Four vining plants that can scale your chain link fence

Four climbers that can scale your chain link fence

Tracey FitzgibbonQ. I recently had a 6-foot chain link fence put up to divide my property. It looks boring and am wondering if you would able to suggest any vining plants that would grow along the fence to pretty it up. – W.C., Albuquerque

A. Four vining plants come to mind instantly for this project: silver lace vine, honeysuckle, trumpet vine and Virginia creeper. All have pros and cons to consider and these four aren’t your only options either, just a good place to start.

The silver lace vine is an easy to grow, relatively drought-tolerant, fast growing clinger. Planted close to the fence, it’ll use it as a trellis and easily cover up to 8 feet in width in just a few growing seasons. I don’t care for them too much, since they tend to keep their growth only on the outer edge, so to speak, allowing you a visual of lots of sticks as the plant grows up. It does have a good green color to the foliage and when it’s in bloom, it’s a riot of small, bright white blooms that the bees enjoy visiting.

Number two, honeysuckle or Lonicera japonica, is the honeysuckle that instantly comes to mine when you hear that word. The honeysuckle is a fast-growing twining plant that can, with the proper variety choice, offer lots of different colors. Not only to the flowers, but the foliage, too. There’s the traditional honeysuckle with the creamy yellow and white blooms and good green colored foliage.

Or you can find some that have a purple cast to the foliage and offer pale lavender and yellow blooms. All honeysuckles do grow really well here in our area.

Next, you could use the standard trumpet vine or Campsis radicans, which makes a thick, lush green wall of life. The blossom clusters are favored by hummingbirds and big bumblebees, giving you lots to watch. The traditional colored blooms are a brilliant orange-red, and newer varieties offer yellow and some come in a nifty lavender color.

Then, last on my list of four, consider the Virginia creeper or Parthenocissus quinquefolia. This fast, lovely green vining plant can easily cover your chain link in a few seasons. The green foliage disguises small bloom clusters of tiny white flowers that become purple berries, offering a great food source for our overwintering bird populations. Another great thing is the autumn color, a wall of lovely orange, red and burgundy.

All of the listed are considered deciduous, meaning they do drop their leaves each fall.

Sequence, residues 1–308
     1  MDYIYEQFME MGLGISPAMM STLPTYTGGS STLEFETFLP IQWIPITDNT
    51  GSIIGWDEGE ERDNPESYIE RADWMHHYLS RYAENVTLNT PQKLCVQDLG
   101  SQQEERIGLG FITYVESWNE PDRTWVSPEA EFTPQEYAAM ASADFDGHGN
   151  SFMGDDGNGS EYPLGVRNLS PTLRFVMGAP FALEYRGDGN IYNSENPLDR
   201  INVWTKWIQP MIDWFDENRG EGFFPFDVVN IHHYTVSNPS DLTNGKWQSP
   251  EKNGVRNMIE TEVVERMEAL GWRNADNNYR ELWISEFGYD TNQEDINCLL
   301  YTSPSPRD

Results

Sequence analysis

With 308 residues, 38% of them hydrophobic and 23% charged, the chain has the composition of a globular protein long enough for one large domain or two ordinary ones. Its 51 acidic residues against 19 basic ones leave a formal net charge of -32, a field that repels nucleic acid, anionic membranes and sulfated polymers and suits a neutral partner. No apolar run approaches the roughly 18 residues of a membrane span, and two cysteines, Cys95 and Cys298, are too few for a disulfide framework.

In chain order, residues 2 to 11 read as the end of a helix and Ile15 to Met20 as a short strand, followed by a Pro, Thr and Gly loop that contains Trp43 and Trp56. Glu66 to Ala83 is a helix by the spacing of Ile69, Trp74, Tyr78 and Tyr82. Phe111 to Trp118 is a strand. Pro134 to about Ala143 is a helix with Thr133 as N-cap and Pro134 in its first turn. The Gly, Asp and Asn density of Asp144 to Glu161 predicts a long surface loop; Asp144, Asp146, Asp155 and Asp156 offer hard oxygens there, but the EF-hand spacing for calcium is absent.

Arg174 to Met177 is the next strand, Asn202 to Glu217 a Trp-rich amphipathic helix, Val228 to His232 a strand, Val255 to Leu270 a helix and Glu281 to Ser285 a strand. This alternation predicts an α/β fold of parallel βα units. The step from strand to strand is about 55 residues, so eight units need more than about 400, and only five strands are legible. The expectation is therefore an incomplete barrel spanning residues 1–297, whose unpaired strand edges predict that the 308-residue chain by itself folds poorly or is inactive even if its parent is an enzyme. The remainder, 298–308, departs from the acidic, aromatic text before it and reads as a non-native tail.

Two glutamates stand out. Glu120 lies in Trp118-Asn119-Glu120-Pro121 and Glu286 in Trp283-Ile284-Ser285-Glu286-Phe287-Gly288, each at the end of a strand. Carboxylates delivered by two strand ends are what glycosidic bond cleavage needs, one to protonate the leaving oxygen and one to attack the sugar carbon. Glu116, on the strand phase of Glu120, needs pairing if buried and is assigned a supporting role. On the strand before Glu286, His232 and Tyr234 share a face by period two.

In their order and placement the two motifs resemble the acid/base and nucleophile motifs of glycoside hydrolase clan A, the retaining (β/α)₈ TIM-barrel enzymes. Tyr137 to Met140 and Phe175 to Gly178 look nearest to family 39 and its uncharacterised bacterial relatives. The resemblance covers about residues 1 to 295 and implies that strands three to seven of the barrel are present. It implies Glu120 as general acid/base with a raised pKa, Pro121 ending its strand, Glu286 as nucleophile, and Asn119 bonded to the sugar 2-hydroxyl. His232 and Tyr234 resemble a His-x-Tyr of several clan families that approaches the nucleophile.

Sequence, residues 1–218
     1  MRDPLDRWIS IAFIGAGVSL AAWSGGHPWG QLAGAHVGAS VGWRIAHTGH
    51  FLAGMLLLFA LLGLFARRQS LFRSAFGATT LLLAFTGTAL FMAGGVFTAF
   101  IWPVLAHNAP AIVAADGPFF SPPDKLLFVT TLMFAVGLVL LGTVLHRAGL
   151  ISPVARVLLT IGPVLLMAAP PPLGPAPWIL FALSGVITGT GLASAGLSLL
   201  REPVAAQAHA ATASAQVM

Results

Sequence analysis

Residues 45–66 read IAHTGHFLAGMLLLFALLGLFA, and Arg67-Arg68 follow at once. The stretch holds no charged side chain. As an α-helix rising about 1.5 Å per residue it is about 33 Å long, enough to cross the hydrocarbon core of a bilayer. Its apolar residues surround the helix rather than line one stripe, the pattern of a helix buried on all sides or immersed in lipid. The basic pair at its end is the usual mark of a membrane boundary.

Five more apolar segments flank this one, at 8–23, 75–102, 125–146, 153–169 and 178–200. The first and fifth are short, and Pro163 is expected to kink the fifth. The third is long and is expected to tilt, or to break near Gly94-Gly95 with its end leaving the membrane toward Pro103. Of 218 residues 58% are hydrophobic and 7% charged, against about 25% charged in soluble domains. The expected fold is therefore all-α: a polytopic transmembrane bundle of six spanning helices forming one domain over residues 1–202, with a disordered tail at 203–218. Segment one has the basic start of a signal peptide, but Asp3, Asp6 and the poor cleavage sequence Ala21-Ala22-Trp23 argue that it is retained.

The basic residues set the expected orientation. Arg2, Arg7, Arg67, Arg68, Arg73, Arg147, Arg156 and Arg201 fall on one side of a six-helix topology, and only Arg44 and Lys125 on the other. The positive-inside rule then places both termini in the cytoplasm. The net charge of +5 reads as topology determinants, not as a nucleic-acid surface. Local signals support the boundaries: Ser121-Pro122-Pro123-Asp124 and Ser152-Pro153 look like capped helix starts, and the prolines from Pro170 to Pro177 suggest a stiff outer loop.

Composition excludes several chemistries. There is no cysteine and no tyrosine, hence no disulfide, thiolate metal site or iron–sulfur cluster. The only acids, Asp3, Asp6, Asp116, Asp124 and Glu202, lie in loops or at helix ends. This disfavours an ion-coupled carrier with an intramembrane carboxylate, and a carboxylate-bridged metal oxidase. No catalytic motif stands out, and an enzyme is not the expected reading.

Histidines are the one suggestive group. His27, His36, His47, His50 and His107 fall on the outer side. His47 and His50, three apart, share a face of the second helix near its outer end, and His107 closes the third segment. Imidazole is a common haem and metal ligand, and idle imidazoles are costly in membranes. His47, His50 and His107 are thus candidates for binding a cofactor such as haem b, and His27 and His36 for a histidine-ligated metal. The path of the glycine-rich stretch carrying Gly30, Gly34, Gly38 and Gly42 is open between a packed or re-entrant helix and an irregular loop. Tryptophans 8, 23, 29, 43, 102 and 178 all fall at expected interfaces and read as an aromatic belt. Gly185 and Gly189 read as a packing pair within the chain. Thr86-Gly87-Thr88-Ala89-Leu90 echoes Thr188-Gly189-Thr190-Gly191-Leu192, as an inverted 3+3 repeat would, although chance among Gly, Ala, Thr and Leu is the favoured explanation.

But the walls of green (variety dependent) they offer during growing season is terrific. Another nifty thing about any of these guys is their propagation abilities. Soon after you plant and do the initial twining of the stems through your chain link, you can lay an “arm” along the ground and it’ll sprout new sections of plant to fill in the fencing sooner.

So, you chose an arm and lay it near the fence. About a foot away from the mother plant. Then cleanly pinch off two to three sets of leaves as close to that stem as humanly possible without damaging the stem. Dust the spots with rooting powder and using pliable wire (a wire coat hanger cut into 6-to-8-inch long pieces works great) make a hairpin shape and push the pin over the stem to hold it in place at ground level. Then mound soil over the stem where you’ve dusted and pinned it to the ground. Make sure to sprinkle the mound and remember to water that spot periodically so the plant is encouraged to root.

Honeysuckle, trumpet vine and the Virginia creeper will take to this type of “stretching your dollar.” None of these plants are what I’d consider water pigs, but all will look and grow best if given deep water all through the growing season and the occasional watering during the winter.

Dear readers: In Albuquerque and our surrounding area, I’m asking that all of you sow some patience. In a little less than two months, Albuquerque will host the Balloon Fiesta. Yay!

Well, this year is a milestone anniversary for the fiesta and a lot of “extra” folks are planning on attending.

On that, truly, I’m asking that you sow some patience now. That way when it’s time we can have a healthy crop of patience grown to offer to everyone in this community and the visitors alike.

Stay safe and Happy Diggin’ In.

Tracey Fitzgibbon is a certified nurseryman. Send garden-related questions to Digging In, Albuquerque Journal, 7777 Jefferson NE, Albuquerque, NM 87109, or to features@abqjournal.com.

 

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